Here’s why Raval ACS (TLV: RVL) can responsibly manage its debt

Some say volatility, rather than debt, is the best way to think about risk as an investor, but Warren Buffett said “volatility is far from risk.” So it can be obvious that you need to consider debt, when you think about how risky a given stock is because too much debt can sink a business. Above all, Raval ACS Ltd. (TLV: RVL) carries a debt. But the real question is whether this debt makes the business risky.

When is Debt a Problem?

Debt helps a business until the business struggles to repay it, either with new capital or with free cash flow. An integral part of capitalism is the process of “creative destruction” where bankrupt companies are ruthlessly liquidated by their bankers. However, a more common (but still costly) situation is where a company has to dilute its shareholders at a cheap share price just to get its debt under control. That said, the most common situation is where a business manages its debt reasonably well – and to its own advantage. When we think of a business’s use of debt, we first look at cash flow and debt together.

See our latest review for Raval ACS

How much debt does the Raval ACS carry?

The graph below, which you can click for more details, shows that Raval ACS had € 93.5m in debt in September 2021; about the same as the year before. However, he also had 45.0 million euros in cash, so his net debt is 48.4 million euros.

TASE: History of RVL’s equity debt December 16, 2021

How strong is Raval ACS’s balance sheet?

According to the last published balance sheet, Raval ACS had liabilities of 105.2 million euros within 12 months and liabilities of 51.1 million euros due beyond 12 months. On the other hand, it had cash of € 45.0 million and € 48.9 million in receivables within one year. It therefore has total liabilities of € 62.4 million more than its combined cash and short-term receivables.

Raval ACS has a market cap of 159.7 million euros, so it could most likely raise cash to improve its balance sheet, should the need arise. But it is clear that it is absolutely necessary to take a close look at whether it can manage its debt without dilution.

We measure a company’s indebtedness relative to its earning capacity by looking at its net debt divided by its earnings before interest, taxes, depreciation, and amortization (EBITDA) and calculating the ease with which its earnings before interest and taxes (EBIT ) covers its interests. costs (interest coverage). The advantage of this approach is that we take into account both the absolute amount of debt (with net debt versus EBITDA) and the actual interest charges associated with this debt (with its coverage rate). interests).

Raval ACS’s net debt is only 1.1 times its EBITDA. And its EBIT easily covers its interest costs, being 84.6 times higher. So we’re pretty relaxed about its ultra-conservative use of debt. On top of that, we are happy to report that Raval ACS has increased its EBIT by 33%, reducing the specter of future debt repayments. The balance sheet is clearly the area to focus on when analyzing debt. But you can’t look at debt in isolation; since Raval ACS will need income to repay this debt. So, when considering debt, it is really worth looking at the profit trend. Click here for an interactive snapshot.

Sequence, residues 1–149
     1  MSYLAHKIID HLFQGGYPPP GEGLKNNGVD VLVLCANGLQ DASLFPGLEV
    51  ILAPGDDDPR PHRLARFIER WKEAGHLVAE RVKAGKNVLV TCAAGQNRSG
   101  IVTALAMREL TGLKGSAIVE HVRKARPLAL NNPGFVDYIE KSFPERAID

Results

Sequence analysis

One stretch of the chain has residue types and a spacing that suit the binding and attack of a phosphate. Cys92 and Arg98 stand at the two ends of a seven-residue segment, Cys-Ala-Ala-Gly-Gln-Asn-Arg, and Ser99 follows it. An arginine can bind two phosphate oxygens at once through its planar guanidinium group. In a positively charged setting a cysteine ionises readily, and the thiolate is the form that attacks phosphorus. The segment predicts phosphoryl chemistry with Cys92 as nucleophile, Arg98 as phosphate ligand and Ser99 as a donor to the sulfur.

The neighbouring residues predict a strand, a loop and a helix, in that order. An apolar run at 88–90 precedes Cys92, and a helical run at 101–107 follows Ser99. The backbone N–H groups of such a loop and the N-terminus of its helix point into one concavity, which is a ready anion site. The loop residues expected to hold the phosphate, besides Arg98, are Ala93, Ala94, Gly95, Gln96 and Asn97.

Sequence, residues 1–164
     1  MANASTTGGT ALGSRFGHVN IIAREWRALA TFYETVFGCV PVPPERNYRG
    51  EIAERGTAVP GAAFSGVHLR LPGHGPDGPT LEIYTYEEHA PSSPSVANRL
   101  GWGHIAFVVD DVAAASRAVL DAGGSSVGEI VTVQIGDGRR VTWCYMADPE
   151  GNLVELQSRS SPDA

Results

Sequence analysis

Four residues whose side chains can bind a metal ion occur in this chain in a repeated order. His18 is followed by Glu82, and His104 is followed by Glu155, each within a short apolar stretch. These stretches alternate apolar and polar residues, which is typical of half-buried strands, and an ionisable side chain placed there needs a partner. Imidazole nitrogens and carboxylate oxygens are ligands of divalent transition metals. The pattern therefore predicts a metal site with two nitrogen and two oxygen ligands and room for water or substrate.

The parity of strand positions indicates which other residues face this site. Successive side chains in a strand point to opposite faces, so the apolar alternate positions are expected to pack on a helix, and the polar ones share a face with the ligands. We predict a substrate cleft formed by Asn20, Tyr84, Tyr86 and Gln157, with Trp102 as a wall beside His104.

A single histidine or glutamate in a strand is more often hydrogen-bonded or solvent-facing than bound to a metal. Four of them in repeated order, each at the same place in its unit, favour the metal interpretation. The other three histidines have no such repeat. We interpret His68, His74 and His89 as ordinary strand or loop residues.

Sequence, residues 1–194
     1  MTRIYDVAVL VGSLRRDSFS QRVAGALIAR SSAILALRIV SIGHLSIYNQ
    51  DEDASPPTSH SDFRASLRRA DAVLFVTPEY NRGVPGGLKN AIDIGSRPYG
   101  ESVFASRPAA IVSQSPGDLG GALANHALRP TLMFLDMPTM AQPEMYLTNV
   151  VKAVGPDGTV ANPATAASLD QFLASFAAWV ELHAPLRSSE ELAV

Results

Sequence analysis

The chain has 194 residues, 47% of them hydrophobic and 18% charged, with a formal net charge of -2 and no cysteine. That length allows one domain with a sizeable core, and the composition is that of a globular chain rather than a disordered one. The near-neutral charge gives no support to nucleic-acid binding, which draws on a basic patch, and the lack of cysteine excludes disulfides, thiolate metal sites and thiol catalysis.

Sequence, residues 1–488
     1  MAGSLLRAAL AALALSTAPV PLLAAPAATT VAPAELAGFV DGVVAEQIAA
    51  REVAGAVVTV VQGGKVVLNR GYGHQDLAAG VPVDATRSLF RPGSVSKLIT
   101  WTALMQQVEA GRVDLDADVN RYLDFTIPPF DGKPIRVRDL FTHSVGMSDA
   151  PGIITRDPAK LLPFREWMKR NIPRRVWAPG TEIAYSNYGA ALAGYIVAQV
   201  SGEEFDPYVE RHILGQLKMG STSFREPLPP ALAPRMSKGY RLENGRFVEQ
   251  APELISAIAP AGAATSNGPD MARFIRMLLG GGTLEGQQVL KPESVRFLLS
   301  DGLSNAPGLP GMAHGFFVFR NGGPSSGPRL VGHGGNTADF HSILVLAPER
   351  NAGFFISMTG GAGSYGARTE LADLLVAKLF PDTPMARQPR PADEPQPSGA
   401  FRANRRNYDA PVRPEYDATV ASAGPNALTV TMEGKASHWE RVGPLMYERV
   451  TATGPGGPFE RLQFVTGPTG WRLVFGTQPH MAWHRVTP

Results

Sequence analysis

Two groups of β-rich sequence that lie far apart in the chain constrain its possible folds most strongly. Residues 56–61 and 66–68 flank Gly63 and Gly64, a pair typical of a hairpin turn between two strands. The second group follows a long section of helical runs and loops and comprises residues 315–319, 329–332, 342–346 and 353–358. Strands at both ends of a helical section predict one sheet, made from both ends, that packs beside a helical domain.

But our last consideration is also important, because a business cannot pay its debts with paper profits; he needs hard cash. It is therefore worth checking to what extent this EBIT is supported by free cash flow. Over the past three years, Raval ACS has recorded free cash flow corresponding to 63% of its EBIT, which is close to normal, given that free cash flow excludes interest and taxes. This free cash flow puts the business in a good position to repay debt, if any.

Our point of view

The good news is that Raval ACS’s demonstrated ability to cover interest costs with EBIT delights us like a fluffy puppy does a toddler. And the good news doesn’t end there, as its EBIT growth rate also supports this impression! When zoomed out, Raval ACS appears to be using the debt quite sensibly; and that gets the nod from us. After all, reasonable leverage can increase returns on equity. The balance sheet is clearly the area to focus on when analyzing debt. But at the end of the day, every business can contain risks that exist off the balance sheet. For example, we have identified 1 warning sign for Raval ACS that you need to be aware of.

At the end of the day, it’s often best to focus on businesses that don’t have net debt. You can access our special list of these companies (all with a history of profit growth). It’s free.

This Simply Wall St article is general in nature. We provide commentary based on historical data and analyst forecasts using only unbiased methodology and our articles are not intended to be financial advice. It does not constitute a recommendation to buy or sell any stock and does not take into account your goals or your financial situation. Our aim is to bring you long-term, targeted analysis based on fundamental data. Note that our analysis may not take into account the latest announcements from price sensitive companies or qualitative documents. Simply Wall St has no position in any of the stocks mentioned.

About Myra R.

Myra R.

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